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A Multimedia Program To Improve Criminal Justice System Participation and Reduce Distress Among Physically Injured Crime Victims

April 2006
Connie L. Best, Ronald E. Acierno, and Heidi S. Resnick


Message From the Director

Emotional distress and lack of knowledge and information can cause victims of violent crime to avoid participation in the criminal justice system.

A DVD and accompanying brochure detailing victims' rights, clarifying processes of the criminal justice system, and providing guidance on dealing with common psychological effects of violent crime were shown to several injured crime victims while they were hospitalized. The victims then completed a survey.

The surveyed victims represented a variety of demographic groups, and the crimes they encountered and injuries they sustained ranged widely.

Results: Video and Nonvideo Participants
The crime victims who viewed the DVD and brochure (video participants) reported a greater understanding of their legal rights, emotional effects of violent crime and strategies to address them, and the criminal justice process than did crime victims who had not viewed the DVD and brochure (nonvideo participants).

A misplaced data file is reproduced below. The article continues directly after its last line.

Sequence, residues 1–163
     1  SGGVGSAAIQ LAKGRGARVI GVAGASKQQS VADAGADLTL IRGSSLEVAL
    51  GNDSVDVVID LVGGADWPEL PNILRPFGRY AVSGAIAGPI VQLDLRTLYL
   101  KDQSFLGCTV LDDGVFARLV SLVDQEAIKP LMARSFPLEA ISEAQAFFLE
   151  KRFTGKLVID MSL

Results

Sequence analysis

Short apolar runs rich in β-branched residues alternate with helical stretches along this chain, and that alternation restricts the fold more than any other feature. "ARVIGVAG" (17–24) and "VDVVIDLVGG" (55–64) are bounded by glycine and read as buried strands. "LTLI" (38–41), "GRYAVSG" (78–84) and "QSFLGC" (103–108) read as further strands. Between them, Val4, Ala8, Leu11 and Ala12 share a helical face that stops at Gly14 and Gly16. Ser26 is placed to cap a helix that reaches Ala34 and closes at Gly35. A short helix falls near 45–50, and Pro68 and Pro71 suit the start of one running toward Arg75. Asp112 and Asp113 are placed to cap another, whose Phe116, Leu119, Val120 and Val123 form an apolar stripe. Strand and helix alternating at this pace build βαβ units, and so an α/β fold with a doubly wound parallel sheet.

Implications and Applications
The DVD was designed to help individuals understand and navigate the criminal justice system, and to increase individuals' knowledge about common psychological responses to crime and strategies to reduce their negative effects. The materials were designed for use in the trauma and surgical inpatient setting of a hospital where patients have acute injuries, but may also be useful in outpatient emergency rooms, other hospital-based clinics, physical therapy facilities, rehabilitation centers, or primary care offices and clinics.

For More Information



About the Authors

This product is also available in Spanish.

This project was prepared by the National Crime Victims Research and Treatment Center at the Medical University of South Carolina under grant number 1998-VF-GX-0006, awarded by the Office for Victims of Crime, Office of Justice Programs, U.S. Department of Justice. The opinions, findings, conclusions, and recommendations expressed in this document are those of the authors and do not necessarily represent the official position or policies of the U.S. Department of Justice.

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